For Baltimore Orioles fans, the dread regarding the on-field action in 2018 gave way to the much anticipated departures of manager Buck Showalter and executive vice president of baseball operations Dan Duquette Oct. 3.
While the relationship between the two was never warm and fuzzy, both did some of the best work of their careers during their time in Baltimore. But it's hard right now to see how either ever gets as much say again in running a ball club.
Their inability to put their differing points of view aside, which ultimately led to three opinions at crucial decision-making times, was far too much for an organization to overcome to solidly sustain the highest levels of the game, especially considering the club is bereft of the necessary outlays in scouting and analytics.
While Showalter was a master handler of his bullpen, perhaps his best results were how he handled the local media and seemed to always have them on his side. Conversely, Duquette, who had flamed out years ago in Boston thanks to his treatment of the media and those around him in the workplace, bent over backwards to reinvent himself in those key aspects of the job.
However, Duquette's social awkwardness and never wanting to get into a battle for the hearts and minds of Birdland proved to be just a part of his undoing. Truth be told, he never truly recovered from what was perceived as disloyalty to majority owner Peter Angelos when he had a brief, unauthorized dalliance with the Toronto Blue Jays, who seemed to want to hire him as team president, a significant promotion for Duquette.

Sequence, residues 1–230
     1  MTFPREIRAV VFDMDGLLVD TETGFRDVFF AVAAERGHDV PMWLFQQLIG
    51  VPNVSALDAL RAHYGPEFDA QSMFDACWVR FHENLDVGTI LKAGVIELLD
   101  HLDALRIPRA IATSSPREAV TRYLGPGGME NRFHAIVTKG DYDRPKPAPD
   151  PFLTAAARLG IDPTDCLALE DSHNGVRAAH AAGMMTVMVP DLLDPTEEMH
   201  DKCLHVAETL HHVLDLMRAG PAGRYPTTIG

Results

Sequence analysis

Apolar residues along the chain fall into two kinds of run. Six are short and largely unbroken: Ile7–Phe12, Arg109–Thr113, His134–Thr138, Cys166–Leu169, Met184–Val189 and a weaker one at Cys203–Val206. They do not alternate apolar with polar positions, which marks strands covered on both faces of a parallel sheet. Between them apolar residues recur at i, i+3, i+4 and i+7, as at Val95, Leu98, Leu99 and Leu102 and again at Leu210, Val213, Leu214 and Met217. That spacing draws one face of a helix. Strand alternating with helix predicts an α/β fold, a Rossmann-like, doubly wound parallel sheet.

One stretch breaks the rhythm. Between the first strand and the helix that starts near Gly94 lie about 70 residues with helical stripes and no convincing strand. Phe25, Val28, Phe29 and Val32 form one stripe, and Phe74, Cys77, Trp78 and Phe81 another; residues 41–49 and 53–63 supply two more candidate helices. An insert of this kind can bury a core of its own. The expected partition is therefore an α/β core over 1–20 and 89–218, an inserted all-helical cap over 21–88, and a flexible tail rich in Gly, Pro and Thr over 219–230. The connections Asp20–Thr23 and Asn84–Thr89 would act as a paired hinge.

Given Duquette's 10-year absence from the highest levels of his profession and the dollars that went with that, it was understandable he sought such a lofty position and promotion, which would have made up for those lost years.
But regarding the larger issue of the dysfunction between Duquette and Showalter, let me give some vivid examples of where the breakdown hurt the team:
Rule 5 Obsession
Duquette came to Baltimore in November 2011, which means he headed the baseball brain trust for seven MLB Winter Meetings. As if akin to a nervous tick, Duquette couldn't say no to the Rule 5 Draft. Infielder Ryan Flaherty in 2011 gave way to lefty T.J. McFarland in 2012 and infielder Michael Almanzar in 2013.
Then the Orioles took right-handers Logan Verrett and Jason Garcia in 2014, outfielder Joey Rickard in 2015 and outfielders Anthony Santander and Aneury Tavarez in 2016. Finally, like the end of a fireworks crescendo, the Orioles took pitchers Jose Mesa Jr., Nestor Cortes and Pedro Araújo in 2017.
What was similar among all 11 of the players was that none made any sizable contributions to the team. True, Flaherty was a very useful player for parts of six seasons, and McFarland for a time was helpful once he could be optioned to the minor leagues.
But Duquette's insistence on playing in that low-reward world had to drive Showalter crazy. This past season, the club tried to keep Santander for the first 45 days of 2018 to gain full control of him, and Duquette foisted not one, but two Rule 5 pitchers onto the big-league roster this year, which essentially gave Showalter 22 usable players during the painful first three weeks of 2018.